Often times it’s the unexpected things which turn out to be the hidden gems. On a recent trip to Milan with a dear friend, we happened upon the Villa Necchi Campilio, a lovely surprise. Our feet were weary and we were looking forward to sitting in a quiet garden for a while when we found out the garden we had planned on visiting wasn’t open to the public. Spying a group of tourists heading down the street, I checked my map to try any figure out where they were going and saw that there was a green area with a villa. We followed them and I recognized the pictures as a place I had read about in a guide book. The gardens and villa can only be visited on a tour. Once we were told we could sit in the garden and order a drink from the café, we quickly made the decision to go.
We sat by the pool sipping our tonic waters and resting our feet as we waited for our tour to begin. The gardens are a tranquil spot in the middle of busy Milan. We also found out that this is a popular place for events in the evenings.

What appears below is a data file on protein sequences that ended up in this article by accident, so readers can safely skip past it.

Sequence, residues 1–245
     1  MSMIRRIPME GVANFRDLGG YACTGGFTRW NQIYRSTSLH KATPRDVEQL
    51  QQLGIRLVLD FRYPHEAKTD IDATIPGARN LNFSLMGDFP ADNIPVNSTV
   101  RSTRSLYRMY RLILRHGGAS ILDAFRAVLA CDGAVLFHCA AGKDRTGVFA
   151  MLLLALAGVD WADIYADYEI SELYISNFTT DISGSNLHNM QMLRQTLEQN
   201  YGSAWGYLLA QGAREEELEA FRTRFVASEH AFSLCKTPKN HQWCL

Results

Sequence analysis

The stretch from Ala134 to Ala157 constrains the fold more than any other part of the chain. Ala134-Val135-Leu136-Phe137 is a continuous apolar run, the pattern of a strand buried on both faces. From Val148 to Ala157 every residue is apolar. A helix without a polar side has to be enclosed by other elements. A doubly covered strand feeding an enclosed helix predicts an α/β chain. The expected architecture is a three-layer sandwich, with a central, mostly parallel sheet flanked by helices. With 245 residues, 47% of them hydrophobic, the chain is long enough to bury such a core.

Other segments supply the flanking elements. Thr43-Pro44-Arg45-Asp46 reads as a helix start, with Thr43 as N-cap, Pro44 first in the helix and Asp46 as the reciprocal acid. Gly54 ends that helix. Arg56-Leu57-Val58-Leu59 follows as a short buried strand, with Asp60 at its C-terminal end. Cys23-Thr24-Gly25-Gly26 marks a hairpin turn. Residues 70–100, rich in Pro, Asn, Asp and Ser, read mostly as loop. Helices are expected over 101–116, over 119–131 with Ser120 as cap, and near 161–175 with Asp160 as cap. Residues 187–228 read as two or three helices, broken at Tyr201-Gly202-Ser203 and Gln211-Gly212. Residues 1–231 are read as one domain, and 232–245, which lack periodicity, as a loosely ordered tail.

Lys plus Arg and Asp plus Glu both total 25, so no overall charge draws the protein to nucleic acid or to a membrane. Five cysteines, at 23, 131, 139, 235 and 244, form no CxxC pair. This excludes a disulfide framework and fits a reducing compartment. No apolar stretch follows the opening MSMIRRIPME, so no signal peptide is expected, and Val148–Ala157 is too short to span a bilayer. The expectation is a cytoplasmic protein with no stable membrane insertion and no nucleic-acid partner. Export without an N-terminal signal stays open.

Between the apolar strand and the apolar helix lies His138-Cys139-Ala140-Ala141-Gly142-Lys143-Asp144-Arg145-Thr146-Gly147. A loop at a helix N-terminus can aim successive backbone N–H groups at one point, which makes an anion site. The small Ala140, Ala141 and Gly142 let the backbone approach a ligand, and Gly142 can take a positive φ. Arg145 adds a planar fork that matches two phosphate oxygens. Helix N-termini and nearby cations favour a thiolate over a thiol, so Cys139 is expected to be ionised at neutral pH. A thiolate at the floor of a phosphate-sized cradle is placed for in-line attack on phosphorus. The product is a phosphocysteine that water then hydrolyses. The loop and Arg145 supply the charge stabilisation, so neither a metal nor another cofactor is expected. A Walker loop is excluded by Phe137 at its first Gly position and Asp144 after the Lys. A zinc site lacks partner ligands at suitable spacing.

The house was built from 1932-1935 by Piero Portoluppi and had all the modern conveniences of the time: the first heated pool in the city, intercoms, a tennis court and an elevator. In the 1950’s Tomaso Buzzi was commissioned to make interior changes to accommodate the family’s change of taste, which at times makes for an interesting combination.
One of my favorite rooms was the veranda. The glass panes are double with enough room for plants in between them and so connects the outdoor green with the indoor green. In this room, the geometric designs the architect favored can be seen on the floor and in the door to the library.
The change of style is best seen in the salon and smokers’ lounge.
Upstairs in the area where the married couple Necchi Campiglio and the wife’s unmarried sister lived, the hallway has a series of doors which all look the same. Some lead to the bed and bathrooms and some are closets. The entire area is symmetrical and each side is a mirror images of the other.